So far the way is smooth. But when it is asked, how and by whom the faith plighted by the high contracting parties, in their several ratifications of this their covenant, may be violated? The answer seems, at the first view of the question, to be not so easy. Yet there is nor real difficulty in the way; provided our first approaches to it are all true and sustained; for this answer will be found but a corollary from the former conclusions.
Thus when it is asked, how this covenant may be violated? The general answer, is obviously this: It may be violated, by the refusal or neglect of any of the parties, to do any of the several acts, which they have respectively stipulated, in the covenant, that they would do: or by their doing any of the several acts, which they have respectively stipulated, in teh covenant, that they would not do: and it cannot be violated by them in any other mode. For, while all the parties do and forbear to do, all that by the covenant they have promised to do and to forbear from doing, the performance is co-extensive with the promise, the latter is so fully satisfied, et Fides sercata est.
So, too, when it is asked, by whom may this covenant be violated? The answer is, by some of the parties to it only. If all agree to disregard it, this is no violated, but a mere justifiable change or avoidance of the covenant, by the parties who made it, and who may at any time alter or abolish it at their will.—Nor is it of the slightest consequence, when the parties all concur, whether the change or avoidance of the covenant is effected in the mode therein prescribed or not. For, no one of its parts is more obligatory upon the faith of the parties, than any other; and they have the same right (all agreeing) to abrogate the part prescribing the mode in which alone it may be amended, as to change any other part of the instrument.
The whole is but a promise made by each to all; and all can as rightfully annul the promise of each, made to themselves, as any individual may cancel at his pleasure, a promise made to himself.—Neither is it possible, for any other than a party, to violate any covenant. For if this was possible, the faith of parties would not depend upon their own will and ability, but upon the will of others, over whom they may have no control; and so faith never could be kept.
Strangers, not parties to a covenant, may be their acts, prevent the parties from fulfilling its obligations upon them: but such acts of strangers, constitute no violation of these obligations, for none can violate it, but such as the obligation obliges; and it is absurd to suppose, that it can oblige any others, than the parties, who voluntarily agreed that they would be bound by it. Then, the covenant entered into by each of these States with its co-States, can be violated by none but the sovereign parties to that covenant. If this was not so, the peace of Nations and the faith of States, would hang it upon the will of every incendiary ruffian, who lives as the disgrace of the community of which he may be an unworthy member.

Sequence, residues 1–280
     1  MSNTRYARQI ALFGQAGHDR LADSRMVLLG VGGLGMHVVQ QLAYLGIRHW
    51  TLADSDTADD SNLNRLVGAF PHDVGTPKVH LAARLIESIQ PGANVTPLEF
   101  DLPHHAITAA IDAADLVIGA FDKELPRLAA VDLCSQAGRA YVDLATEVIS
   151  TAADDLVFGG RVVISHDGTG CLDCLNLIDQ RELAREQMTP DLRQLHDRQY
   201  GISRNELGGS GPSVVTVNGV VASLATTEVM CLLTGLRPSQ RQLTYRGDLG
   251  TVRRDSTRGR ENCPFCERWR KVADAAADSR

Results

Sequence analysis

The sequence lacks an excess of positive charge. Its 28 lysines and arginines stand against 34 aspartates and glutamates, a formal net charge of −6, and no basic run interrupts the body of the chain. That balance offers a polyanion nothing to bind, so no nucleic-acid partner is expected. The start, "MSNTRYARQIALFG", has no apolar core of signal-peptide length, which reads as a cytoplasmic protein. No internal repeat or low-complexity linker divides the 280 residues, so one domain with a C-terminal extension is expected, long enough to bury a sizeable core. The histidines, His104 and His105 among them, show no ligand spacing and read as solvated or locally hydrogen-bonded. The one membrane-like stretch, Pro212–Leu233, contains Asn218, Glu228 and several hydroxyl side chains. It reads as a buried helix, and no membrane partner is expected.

Here it may be asked, may no the government of the United States, or of any State, or of any Department of either of these governments, nay, may not any mere individual violate the Constitution of the United States? Doubtless, each of them may do so; and in so doing, would be guilty of a very wicked act, which, generally, would draw down upon the agent or agents, the consequences of a sanction, they might then probably discover was not a mere "moral sanction," although the act might be done, even by this would-be Sovereign, the government of the United States itself, which, if a Sovereign, could acknowledge no superior. But a violation of the Constitution of the United States, whether perpetrated by their government, or by anybody else except a Sovereign State, is not, of itself, any breach of the covenant for the observance of which the faith of the high contracting parties to that Covenant is mutually pledged to each other; and this for the reason before given, that none but the parties can violate a covenant; and that neither the government, nor any individual, is a party to that Covenant. When the Spanish Intendant at New Orleans, in contravention of the 22d Article of our Treaty with Spain, deprived the Citizens of the United States of the right of deposite in the port of that City, this was no breach of the faith of Spain; because when she was informed of the act done by her officer under color of her authority, she disavowed it as having been done in virtue of any such authority given by her. So, too, when upon a more recent occasion, a military officer of the United States, acting in contravention of many of the Articles of the same Treaty with Spain, entered her territory with the armed force under his command, seized upon her fortresses, slaughtered her subjects, and annulled her Sovereign powers; even this act constituted no breach of faith of the United States.